West Trib’s dry dam: the benefits and risks
By Daniel Arens
Over the last decade, Beulah has been no stranger to flooding. Several times, the city has experienced significant events, most notably the Knife River flood in 2009, which sparked an ongoing study by federal, state, and local agencies to address the potential threat from the river.
In 2014, however, Beulah experienced a flash flood incident not from the Knife River itself, but from a small creek that flows down from the heights northwest of town into the Knife. This creek is dubbed “West Trib,” since a corresponding small tributary runs along the east side of Beulah from the heights to the northeast (the “East Trib”).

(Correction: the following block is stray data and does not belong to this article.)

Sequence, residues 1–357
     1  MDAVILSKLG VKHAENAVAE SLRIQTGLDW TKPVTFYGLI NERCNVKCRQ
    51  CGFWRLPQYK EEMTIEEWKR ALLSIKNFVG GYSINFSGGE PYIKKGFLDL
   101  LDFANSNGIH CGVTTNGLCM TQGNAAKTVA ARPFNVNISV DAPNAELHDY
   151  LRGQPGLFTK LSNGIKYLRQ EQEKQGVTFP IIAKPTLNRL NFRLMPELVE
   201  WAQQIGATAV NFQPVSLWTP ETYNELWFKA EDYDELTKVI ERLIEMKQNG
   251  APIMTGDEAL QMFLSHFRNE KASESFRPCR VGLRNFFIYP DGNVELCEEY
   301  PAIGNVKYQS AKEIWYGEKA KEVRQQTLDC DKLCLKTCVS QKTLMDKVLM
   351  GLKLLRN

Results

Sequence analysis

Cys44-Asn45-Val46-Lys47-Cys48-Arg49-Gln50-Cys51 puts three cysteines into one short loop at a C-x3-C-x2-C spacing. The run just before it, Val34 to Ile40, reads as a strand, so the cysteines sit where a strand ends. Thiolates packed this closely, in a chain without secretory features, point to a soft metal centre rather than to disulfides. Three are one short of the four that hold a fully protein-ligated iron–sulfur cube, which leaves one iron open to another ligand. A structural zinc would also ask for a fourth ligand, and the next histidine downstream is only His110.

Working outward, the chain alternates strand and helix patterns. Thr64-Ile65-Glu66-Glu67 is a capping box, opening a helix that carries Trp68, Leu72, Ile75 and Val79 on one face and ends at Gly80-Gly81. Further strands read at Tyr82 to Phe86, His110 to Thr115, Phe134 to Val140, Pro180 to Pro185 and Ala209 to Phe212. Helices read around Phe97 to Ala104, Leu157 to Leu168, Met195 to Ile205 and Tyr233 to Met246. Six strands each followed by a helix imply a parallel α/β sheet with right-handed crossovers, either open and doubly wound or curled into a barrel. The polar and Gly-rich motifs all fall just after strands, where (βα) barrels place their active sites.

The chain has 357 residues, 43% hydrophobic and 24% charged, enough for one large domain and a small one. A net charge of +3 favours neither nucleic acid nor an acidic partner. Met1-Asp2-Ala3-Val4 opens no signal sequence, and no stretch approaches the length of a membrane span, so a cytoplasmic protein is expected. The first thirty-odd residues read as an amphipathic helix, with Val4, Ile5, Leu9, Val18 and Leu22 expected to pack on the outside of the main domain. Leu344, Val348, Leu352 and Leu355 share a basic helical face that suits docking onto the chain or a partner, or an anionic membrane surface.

During a sudden very heavy rainfall over the West Trib’s source, the creek poured down into the basin where Beulah is, causing basement and street flooding in portions of the town. This event brought the idea of a possible dam to help prevent water from coming into town from that direction.
When discussion about Knife River flood control first branched into a public seminar and information meeting in Beulah in 2016, Beulah officials were passionate that West Trib should be included in the study for ways to minimize flood concerns.